MR. DEWOLFE: Mr. Speaker, again to the minister. That really wasn't the question. (Interruptions) I wasn't aware of the joke either, Mr. Minister. A result, this appeal is long overdue. Will the minister look into this concern and assure a speedy resolve?

MR. MACASKILL: Mr. Speaker, I can assure the honourable member that I will look into this and give it a fair assessment.

MR. SPEAKER: The honourable member for Yarmouth.

NAT. RES. - NAT. GAS:

OFFSHORE RIGHTS DECISION MAKING - FISHERS INCLUSION

MR. JOHN DEVEAU: Mr. Speaker, my question is for the Minister responsible for the Petroleum Directorate. Fishing is a billion dollar industry in Nova Scotia and seafood is its largest export. Why then aren't fishers being included in the decision-making process about what areas are open to offshore exploration and drilling?

HON. MANNING MACDONALD: Mr. Speaker, it is a good question, and it is one that is certainly of interest and concern to both the fishing industry in this province and the offshore industry in this province. As you know, the Canada-Nova Scotia board has put up some leases for auction throughout the province for exploration rights, and before any activity can happen in those particular areas that have been designated so far, an extensive period of consultation will be undertaken, including some environmental assessments.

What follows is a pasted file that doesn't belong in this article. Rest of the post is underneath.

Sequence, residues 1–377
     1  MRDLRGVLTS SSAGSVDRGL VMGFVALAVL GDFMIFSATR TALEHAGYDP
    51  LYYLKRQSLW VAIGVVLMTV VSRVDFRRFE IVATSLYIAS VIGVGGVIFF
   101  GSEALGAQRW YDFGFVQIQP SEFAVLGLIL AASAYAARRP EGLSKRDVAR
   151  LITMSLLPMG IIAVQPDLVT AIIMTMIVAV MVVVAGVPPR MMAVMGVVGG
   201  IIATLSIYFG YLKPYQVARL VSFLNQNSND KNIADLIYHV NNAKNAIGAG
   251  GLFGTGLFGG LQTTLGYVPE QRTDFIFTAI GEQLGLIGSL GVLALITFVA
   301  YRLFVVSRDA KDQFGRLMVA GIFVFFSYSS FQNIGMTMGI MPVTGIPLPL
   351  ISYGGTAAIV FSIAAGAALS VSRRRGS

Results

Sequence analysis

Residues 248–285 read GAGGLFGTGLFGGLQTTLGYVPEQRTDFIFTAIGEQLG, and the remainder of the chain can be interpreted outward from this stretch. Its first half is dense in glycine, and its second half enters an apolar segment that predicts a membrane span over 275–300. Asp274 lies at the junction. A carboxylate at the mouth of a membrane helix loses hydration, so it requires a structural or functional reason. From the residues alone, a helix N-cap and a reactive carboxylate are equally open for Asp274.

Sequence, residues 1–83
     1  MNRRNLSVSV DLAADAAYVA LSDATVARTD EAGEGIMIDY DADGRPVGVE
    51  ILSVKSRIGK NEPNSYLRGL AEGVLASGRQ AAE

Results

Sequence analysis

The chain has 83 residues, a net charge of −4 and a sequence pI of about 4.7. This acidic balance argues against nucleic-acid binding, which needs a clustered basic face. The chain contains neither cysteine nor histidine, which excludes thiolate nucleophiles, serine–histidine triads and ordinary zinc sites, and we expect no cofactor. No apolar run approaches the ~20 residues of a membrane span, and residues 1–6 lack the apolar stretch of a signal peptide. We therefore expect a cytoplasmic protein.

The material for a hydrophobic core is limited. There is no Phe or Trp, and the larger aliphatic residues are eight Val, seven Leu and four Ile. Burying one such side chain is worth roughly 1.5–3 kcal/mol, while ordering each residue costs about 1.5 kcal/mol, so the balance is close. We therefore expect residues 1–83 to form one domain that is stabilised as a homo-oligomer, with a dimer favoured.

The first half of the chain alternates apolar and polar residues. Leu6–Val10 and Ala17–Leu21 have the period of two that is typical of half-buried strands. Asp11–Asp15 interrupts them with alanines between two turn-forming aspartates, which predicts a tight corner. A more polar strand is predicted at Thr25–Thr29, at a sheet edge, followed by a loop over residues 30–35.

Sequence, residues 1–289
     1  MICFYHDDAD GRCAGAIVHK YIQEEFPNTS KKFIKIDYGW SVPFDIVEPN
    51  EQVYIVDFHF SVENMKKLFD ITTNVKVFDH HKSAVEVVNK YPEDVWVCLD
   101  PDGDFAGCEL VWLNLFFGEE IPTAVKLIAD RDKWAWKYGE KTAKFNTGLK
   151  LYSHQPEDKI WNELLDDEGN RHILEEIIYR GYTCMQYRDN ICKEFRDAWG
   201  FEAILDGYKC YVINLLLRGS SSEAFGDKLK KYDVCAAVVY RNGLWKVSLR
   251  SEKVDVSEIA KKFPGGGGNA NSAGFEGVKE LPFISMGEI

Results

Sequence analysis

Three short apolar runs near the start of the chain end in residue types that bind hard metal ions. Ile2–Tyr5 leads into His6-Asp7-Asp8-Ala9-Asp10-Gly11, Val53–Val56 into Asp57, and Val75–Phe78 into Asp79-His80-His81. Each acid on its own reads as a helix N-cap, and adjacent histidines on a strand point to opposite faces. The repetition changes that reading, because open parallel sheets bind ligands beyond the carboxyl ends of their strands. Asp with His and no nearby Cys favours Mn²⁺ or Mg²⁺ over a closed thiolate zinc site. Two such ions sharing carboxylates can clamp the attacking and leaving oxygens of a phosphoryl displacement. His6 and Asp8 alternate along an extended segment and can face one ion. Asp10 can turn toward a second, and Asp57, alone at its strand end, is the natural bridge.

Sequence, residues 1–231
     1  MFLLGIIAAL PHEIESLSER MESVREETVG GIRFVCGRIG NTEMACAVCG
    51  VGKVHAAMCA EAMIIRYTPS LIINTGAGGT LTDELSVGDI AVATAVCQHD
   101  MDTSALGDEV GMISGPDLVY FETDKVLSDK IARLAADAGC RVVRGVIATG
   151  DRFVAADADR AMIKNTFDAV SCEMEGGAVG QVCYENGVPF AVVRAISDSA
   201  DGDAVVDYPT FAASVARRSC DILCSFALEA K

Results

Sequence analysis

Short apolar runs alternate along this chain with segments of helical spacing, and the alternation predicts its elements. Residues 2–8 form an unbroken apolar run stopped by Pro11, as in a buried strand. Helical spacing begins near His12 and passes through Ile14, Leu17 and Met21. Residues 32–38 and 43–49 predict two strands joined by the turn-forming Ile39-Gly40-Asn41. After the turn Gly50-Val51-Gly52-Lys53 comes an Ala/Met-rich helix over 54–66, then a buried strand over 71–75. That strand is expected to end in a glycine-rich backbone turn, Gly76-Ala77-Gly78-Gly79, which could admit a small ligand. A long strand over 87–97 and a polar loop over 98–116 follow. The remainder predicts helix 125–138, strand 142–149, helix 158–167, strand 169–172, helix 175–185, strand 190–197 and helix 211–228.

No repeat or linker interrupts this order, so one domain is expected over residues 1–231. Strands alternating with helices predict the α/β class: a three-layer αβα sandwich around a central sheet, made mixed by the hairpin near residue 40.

MR. JOHN DEVEAU: Mr. Speaker, Corridor Resources Incorporated has been awarded a 4,080 hectare site off western Cape Breton which fishers have asked the federal and provincial governments to veto. My question to the Minister responsible for the Petroleum Directorate is, why would his department jeopardize prime lobster, hake and snow crab spawning grounds before the fishers who depend on these resources had been consulted?

[Page 7078]

MR. MANNING MACDONALD: Mr. Speaker, we are not jeopardizing anything. What we are saying to people in the fishing industry is that while the different areas have been auctioned, before any requests for seismic testing can be entertained, there has to be a permit issued for that. Once the Canada-Nova Scotia board is assured that all the environmental assessments have been done and then after that, if they get as far as getting seismic testing done, they then have to apply for another permit for drilling.

MR. JOHN DEVEAU: Mr. Speaker, my final supplementary is to the Premier. Fishers are worried that exploration and drilling are inevitable. What assurance will he give this House that his government will develop a mechanism to include fishers as a part of the discussion before any further offshore exploration sites are leased?

THE PREMIER: Mr. Speaker, just following up with what the honourable Minister of Economic Development and Tourism has said, that there has to be permission given before seismic and before drilling takes place. That allows for adequate opportunity to have negotiations with the people who are involved in the fishing industry in that location.